Korean production outfit Sidus FNH is set to co-produce a $10m Korean-language remake of 1967 Shaw Brothers classic One Armed Swordsman with Hong Kong’s Celestia

Scheduled for release in 2010, the project will be directed by Kim Sung-su whose credits including Musa The Warrior and Running Wild. Celestial owns rights to the 760-title Shaw Brothers library and has been developing a raft of remakes with different companies.
Sidus, which has credits such as box office hits Tazza: The High Rollers and My Scary Girl, has also announced that Choi Pyung-ho has been appointed as CEO of the company, replacing Tcha Seung-jai and Kim Mee-hee who stepped down last week. Choi joined Sidus last October as executive vice president of investment and distribution and before that served as executive vice president of CJ Entertainment.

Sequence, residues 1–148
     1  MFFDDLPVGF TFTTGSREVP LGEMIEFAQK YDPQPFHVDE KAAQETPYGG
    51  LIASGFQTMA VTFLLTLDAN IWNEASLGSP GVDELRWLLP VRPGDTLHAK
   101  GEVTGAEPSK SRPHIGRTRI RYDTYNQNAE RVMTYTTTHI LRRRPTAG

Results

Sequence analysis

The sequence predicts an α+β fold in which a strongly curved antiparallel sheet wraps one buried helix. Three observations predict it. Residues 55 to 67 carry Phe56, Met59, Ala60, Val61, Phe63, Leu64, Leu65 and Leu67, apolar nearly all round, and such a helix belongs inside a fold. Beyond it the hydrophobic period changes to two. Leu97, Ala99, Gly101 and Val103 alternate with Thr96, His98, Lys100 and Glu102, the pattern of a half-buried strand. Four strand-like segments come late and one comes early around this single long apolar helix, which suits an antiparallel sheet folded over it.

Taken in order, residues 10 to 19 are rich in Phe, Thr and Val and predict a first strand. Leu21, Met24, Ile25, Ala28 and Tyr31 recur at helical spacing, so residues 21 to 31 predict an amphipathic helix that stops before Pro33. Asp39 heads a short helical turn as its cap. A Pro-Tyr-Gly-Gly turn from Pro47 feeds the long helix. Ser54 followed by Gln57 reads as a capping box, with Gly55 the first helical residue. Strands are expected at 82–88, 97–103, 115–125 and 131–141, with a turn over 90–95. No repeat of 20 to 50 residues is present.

Under Choi, Sidus plans to produce two to four big-budget films a year, such as the One Armed Swordsman remake, along with US remakes of its own movies.
The company, which is owned by Korean telco KT Group, has also established an international sales arm headed by former Prime Entertainment executive Juyoung Park. It is launching four new titles at Cannes including Kwon Hyeong-jin’s drama Wedding Dress, starring Song Yun-ah, and Chu Chang-min’s I Love You So, a love story revolving around an elderly couple. 
The sales arm will also acquire foreign titles, including theatrical and library product for distribution by KT Group. Sidus previously had an output deal for international sales with Hong Kong-based Golden Network Asia which will continue to work with the company on select titles.
Since merging with KT Group in 2005, Sidus has become a content provider for its parent company’s various distribution platforms which span satellite TV, IPTV and mobile.  
The production and investment outfit has also put together several entertainment-related funds worth more than $100m. In 2009, it is planning to release around 25 pictures including 20 foreign films – such as Blood: The Last Vampire,Splice, Spread and Pope Joan – along with five Korean films.